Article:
Full access
Graciela B. Raga, Ronald E. Stewart, and Norman R. Donaldson

Abstract

The microphysical characteristics of a precipitation type transition region within a midlatitude winter storm are discussed in relation to the background thermodynamic and kinematic fields. A deep region in which the temperature was close to 0°C (the transition region) was observed along the Atlantic coastline of Nova Scotia. This transition region was approximately 30 km wide and about 2 km deep. At 80 kPa, a large horizontal temperature gradient marked the boundary between the transition region and the colder air. The observed thermal structure is linked to diabatic processes, and in particular, to the freezing of small droplets, the refreezing of semi-melted particles and the melting of precipitation. Large, partially melted aggregates were located just downwind of the deep transition region. Particle trajectories near the transition region are very sensitive to the background temperature and wind fields and may lead to regions of reduced and enhanced concentrations at the surface and aloft. A conceptual model of the flow fields suggests that this case resembles warm and cold conveyor belts similar to those found in synoptic systems, but on a smaller scale. The transition region in this case is located at the boundary between the warm and cold conveyor belts.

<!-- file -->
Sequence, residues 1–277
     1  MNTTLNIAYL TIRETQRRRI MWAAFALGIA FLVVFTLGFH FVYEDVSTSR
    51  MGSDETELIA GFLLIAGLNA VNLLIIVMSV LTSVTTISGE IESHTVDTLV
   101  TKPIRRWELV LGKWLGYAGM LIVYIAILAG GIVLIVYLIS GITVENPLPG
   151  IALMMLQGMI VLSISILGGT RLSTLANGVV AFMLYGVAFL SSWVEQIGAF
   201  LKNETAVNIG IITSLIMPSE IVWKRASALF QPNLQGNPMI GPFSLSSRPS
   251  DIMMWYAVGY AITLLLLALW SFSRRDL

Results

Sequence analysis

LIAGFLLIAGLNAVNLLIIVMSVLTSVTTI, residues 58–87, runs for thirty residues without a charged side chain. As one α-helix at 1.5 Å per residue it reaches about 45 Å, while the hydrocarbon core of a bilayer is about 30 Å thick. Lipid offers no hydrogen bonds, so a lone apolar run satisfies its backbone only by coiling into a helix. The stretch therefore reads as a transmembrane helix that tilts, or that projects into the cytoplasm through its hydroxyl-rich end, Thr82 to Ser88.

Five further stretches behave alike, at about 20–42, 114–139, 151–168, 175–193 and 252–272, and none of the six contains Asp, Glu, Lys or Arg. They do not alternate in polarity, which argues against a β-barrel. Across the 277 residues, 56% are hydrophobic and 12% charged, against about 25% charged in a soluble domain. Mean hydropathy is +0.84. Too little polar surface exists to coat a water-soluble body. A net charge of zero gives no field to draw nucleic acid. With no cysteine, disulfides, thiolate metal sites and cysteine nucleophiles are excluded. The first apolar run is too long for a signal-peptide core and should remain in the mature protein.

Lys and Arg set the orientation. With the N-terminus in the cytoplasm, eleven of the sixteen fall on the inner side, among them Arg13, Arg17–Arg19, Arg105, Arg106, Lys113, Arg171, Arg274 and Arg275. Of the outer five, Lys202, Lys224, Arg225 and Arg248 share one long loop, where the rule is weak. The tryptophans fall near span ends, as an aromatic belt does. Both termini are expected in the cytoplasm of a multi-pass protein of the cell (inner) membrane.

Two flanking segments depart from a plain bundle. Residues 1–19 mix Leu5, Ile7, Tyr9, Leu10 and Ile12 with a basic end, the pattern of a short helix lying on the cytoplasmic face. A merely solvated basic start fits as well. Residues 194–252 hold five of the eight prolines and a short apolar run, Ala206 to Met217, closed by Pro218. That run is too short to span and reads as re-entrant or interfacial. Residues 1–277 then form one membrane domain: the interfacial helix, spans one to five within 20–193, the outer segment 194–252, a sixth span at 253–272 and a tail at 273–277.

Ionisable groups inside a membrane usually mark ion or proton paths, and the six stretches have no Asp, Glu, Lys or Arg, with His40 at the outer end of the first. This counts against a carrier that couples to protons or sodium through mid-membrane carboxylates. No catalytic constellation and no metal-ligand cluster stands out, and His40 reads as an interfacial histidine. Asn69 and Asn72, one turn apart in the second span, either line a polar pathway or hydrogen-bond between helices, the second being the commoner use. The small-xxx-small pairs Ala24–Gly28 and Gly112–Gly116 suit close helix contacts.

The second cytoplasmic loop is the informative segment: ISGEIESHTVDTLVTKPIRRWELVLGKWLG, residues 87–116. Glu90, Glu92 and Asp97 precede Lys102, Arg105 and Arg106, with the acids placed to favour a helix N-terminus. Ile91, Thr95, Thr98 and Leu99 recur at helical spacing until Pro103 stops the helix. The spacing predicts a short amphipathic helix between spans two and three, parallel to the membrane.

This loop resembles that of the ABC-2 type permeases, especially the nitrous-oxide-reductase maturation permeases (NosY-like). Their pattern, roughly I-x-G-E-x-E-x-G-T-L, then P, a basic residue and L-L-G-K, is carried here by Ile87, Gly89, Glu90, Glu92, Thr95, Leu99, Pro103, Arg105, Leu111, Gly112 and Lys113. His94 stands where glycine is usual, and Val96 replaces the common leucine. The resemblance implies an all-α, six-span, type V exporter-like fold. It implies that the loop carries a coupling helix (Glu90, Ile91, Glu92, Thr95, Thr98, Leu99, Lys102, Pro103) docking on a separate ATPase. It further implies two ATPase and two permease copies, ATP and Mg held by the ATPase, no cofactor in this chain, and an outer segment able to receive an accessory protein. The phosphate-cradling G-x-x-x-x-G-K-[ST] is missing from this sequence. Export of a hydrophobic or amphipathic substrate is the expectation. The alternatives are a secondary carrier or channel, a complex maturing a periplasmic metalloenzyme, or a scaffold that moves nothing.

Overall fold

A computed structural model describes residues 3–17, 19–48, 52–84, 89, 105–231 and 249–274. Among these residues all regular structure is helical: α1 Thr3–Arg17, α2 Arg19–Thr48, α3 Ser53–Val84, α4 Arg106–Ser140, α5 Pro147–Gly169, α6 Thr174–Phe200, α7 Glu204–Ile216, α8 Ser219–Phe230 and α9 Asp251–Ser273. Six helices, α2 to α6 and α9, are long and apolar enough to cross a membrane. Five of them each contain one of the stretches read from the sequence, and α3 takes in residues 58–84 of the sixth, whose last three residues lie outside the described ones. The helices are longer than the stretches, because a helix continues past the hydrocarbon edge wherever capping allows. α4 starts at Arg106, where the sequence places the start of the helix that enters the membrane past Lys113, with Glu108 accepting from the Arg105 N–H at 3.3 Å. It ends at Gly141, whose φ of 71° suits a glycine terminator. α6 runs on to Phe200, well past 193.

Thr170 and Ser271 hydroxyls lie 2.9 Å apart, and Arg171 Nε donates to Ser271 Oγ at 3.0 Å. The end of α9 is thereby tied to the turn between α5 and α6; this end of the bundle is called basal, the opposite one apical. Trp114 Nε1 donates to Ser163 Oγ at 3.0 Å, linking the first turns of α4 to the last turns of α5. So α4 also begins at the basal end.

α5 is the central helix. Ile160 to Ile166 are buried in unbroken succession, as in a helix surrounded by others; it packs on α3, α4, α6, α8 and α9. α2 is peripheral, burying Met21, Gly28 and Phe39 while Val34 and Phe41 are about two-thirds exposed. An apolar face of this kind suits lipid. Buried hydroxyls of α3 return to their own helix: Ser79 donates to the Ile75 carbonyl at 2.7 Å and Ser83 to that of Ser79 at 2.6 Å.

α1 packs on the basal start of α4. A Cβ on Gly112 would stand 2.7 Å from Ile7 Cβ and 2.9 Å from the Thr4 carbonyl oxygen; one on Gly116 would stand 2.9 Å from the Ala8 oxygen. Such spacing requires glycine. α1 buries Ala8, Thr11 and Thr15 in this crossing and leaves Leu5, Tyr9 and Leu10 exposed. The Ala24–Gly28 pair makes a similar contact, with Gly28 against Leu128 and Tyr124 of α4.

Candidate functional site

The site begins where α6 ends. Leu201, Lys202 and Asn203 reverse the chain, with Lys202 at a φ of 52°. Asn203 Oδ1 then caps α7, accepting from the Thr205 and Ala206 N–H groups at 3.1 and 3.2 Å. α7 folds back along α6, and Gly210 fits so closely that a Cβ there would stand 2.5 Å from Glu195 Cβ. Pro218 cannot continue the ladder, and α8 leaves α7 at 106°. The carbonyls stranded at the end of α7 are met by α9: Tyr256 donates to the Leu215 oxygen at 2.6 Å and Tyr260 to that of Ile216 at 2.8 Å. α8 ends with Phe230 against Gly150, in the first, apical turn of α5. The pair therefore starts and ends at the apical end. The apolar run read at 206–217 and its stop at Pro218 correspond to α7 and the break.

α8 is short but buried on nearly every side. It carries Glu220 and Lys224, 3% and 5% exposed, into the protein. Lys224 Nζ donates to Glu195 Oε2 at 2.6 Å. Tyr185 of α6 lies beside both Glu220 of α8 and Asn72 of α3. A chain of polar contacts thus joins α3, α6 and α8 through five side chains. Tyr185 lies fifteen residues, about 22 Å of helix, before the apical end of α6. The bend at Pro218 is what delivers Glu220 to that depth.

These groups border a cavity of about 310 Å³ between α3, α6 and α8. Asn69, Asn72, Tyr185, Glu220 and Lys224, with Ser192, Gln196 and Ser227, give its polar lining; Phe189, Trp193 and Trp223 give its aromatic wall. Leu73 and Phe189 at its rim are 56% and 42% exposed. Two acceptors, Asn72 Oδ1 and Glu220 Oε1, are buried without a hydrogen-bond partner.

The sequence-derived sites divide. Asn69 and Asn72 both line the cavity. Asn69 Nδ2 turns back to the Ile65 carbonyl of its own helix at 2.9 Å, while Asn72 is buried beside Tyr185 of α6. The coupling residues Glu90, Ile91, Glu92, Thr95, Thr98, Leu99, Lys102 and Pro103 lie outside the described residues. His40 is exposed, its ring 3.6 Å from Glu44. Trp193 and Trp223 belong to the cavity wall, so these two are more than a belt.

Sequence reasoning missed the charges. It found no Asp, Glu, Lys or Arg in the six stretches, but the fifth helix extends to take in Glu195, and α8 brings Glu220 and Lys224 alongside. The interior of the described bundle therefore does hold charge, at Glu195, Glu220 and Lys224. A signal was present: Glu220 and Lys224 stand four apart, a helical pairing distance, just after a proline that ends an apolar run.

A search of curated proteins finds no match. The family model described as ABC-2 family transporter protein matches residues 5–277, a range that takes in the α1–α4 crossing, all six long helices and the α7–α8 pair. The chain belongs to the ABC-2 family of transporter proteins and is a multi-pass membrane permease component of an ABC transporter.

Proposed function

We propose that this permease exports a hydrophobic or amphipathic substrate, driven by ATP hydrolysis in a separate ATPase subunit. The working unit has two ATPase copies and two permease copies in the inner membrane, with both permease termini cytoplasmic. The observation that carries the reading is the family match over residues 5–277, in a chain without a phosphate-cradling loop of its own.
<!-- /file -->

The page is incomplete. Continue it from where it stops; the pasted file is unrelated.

Full access
R. Paul Lawson, Ronald E. Stewart, and Leigh J. Angus

Abstract